Buying Down the Rate
It’s the most frequently-asked question we get: “How can I get a lower rate?”
You can almost always get a lower rate, but it’s going to cost you something. Buying down your interest rate involves paying an upfront fee to the lender in exchange for a reduced interest rate on your mortgage. The lower your rate is, the higher up-front fee you have to pay at your loan closing. This fee is called “discount points.” As the name implies, there’s a discount. It’s a discount towards your rate and not your closing costs. It’s calculated as a certain percentage of your loan amount.
Lowering your interest rate brings your monthly payment down. This reduction can make homeownership more affordable and ease your financial burden over the life of the loan. This may be especially beneficial if you plan to stay in your home for an extended period, as the cumulative savings over the years can make a notable difference.
That all sounds great–so why wouldn’t you pay discount points?
The more money you pay up front, the greater the amount of time you would need to stay in that loan in order to make that money worthwhile. If you pay $2000 for a lower rate and that lower rate only saves you $20/month in your monthly payment, you’d have to make 100 payments in order to break even on your funds. 100 payments is almost 9 years. It’s not often that people remain in the same mortgage for that long, either because they refinance or because they move into a new home.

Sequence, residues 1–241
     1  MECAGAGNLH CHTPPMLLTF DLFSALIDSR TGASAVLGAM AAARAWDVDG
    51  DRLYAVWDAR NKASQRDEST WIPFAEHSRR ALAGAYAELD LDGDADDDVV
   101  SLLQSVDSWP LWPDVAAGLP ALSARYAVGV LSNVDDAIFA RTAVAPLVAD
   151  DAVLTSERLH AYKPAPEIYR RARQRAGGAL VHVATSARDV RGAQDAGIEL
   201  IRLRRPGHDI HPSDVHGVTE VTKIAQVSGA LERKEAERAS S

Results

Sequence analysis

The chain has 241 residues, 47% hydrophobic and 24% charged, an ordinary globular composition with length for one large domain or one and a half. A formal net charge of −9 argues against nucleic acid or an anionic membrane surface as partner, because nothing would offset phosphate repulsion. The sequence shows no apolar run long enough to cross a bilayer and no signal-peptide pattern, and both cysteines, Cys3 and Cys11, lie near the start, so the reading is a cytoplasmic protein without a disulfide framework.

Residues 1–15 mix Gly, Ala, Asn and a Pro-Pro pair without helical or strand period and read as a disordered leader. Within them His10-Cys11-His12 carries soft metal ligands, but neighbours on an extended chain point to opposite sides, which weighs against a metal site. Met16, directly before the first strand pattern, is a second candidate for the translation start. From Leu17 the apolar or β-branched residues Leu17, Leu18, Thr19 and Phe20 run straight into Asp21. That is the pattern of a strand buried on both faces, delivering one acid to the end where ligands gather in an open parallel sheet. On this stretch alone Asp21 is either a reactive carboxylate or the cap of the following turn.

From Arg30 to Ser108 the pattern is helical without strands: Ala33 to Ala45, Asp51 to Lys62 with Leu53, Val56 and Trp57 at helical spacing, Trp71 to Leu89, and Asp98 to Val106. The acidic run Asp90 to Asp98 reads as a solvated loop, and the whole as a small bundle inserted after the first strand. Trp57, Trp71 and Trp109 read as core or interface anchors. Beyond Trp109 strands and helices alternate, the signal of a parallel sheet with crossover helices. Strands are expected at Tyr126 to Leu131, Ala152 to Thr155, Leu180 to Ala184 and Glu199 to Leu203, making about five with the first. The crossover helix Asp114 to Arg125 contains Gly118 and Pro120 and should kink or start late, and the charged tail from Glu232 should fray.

Additionally, if there is an expectation that interest rates will go down in the future, your loan officer might advise that you not pay any points now and wait until rates drop to get that lower rate for free.
Buying down your interest rate can be a strategic move in your homeownership journey. It's a financial strategy that, when approached thoughtfully, can lead to increased affordability, long-term savings, and a more comfortable homeownership experience. As with any financial decision, careful consideration and consultation with your lender are essential to ensure that this strategy aligns with your overall financial goals and enhances your path to homeownership.